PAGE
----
While he was still speaking, another messenger came and said, “The fire of God fell from the sky and burned up the sheep and the servants, and I am the only one who has escaped to tell you!”

While he was still speaking, another messenger came and said, “The Chaldeans formed three raiding parties and swept down on your camels and carried them off. They put the servants to the sword, and I am the only one who has escaped to tell you!”

While he was still speaking, yet another messenger came and said, “Your sons and daughters were feasting and drinking wine at the oldest brother’s house, when suddenly a mighty wind swept in from the desert and struck the four corners of the house. It collapsed on them and they are dead, and I am the only one who has escaped to tell you!”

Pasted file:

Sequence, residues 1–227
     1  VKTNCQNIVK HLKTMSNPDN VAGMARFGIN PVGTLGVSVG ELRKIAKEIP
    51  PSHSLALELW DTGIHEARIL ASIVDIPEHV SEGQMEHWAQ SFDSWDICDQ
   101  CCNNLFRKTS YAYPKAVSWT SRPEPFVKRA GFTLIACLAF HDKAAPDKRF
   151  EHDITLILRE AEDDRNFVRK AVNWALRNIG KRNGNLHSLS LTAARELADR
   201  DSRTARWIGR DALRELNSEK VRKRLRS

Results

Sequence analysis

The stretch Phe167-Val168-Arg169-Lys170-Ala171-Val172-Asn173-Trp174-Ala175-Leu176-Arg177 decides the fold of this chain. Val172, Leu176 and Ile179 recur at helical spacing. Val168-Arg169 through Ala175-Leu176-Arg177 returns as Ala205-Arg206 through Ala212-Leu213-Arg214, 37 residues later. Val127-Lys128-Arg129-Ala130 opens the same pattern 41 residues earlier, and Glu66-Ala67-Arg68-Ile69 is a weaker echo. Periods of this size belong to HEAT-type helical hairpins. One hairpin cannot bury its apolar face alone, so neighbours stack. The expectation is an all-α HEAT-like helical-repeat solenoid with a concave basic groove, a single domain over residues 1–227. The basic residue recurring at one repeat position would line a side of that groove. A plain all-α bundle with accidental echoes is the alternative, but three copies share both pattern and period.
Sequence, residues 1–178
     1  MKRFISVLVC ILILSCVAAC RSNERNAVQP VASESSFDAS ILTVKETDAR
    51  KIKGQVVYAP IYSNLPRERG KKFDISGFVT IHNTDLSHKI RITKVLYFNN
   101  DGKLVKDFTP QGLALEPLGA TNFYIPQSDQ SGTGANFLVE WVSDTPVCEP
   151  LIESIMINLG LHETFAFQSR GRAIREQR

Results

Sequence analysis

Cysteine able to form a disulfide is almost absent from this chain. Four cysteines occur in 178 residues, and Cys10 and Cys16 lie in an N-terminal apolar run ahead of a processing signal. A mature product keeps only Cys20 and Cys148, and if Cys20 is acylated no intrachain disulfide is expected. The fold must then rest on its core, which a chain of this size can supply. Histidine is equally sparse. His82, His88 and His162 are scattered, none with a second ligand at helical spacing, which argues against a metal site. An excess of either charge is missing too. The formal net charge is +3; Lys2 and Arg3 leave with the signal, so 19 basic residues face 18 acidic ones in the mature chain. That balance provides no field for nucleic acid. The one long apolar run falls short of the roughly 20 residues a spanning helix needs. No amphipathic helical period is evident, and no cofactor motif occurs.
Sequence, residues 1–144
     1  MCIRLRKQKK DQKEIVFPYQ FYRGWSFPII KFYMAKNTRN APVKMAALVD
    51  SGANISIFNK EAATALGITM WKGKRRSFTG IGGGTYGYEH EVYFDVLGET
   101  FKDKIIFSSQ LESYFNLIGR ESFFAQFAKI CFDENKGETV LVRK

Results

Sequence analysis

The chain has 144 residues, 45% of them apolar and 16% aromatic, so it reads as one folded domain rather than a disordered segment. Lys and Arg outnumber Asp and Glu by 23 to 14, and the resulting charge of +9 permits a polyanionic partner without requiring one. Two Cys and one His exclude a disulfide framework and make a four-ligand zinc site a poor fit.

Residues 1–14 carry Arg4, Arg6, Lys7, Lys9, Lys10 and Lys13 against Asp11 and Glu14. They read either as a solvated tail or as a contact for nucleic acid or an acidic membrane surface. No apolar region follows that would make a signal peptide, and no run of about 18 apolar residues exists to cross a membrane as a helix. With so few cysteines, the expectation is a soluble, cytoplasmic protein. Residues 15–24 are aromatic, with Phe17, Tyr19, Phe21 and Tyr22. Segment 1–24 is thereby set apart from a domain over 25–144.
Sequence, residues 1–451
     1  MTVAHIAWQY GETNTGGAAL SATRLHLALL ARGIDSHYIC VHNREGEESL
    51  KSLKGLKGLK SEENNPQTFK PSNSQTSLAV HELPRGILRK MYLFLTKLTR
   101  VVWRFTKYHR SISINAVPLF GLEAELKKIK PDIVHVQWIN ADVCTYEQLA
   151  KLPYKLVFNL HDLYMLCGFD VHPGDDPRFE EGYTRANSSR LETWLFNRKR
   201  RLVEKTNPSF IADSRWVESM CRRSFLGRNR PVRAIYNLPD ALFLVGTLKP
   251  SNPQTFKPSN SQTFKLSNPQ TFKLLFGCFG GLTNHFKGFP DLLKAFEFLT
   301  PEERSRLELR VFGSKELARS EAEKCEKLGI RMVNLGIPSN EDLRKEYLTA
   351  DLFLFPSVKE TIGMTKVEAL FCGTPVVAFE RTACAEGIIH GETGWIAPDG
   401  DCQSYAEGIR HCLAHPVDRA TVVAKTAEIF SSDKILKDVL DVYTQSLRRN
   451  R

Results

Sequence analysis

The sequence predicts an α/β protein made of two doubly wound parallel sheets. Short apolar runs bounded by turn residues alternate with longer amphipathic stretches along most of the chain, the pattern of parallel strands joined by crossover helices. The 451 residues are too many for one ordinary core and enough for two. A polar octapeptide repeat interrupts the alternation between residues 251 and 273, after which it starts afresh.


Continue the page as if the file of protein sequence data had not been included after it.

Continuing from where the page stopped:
At this, Job got up and tore his robe and shaved his head. Then he fell to the ground in worship and said:
“Naked I came from my mother’s womb,
and naked I will depart.
The LORD gave and the LORD has taken away;
may the name of the LORD be praised.”

In all this, Job did not sin by charging God with wrongdoing. – Job 1:13-22

The day we found out that Tara had miscarried, we came home from the doctor. She went to sleep and following the example of David and Job, I took a shower to cleanse myself. I went into the office in our house and I worshiped God. I prayed for an hour, then I sang praises to him for another hour. I ran my tears dry and I could cry no more.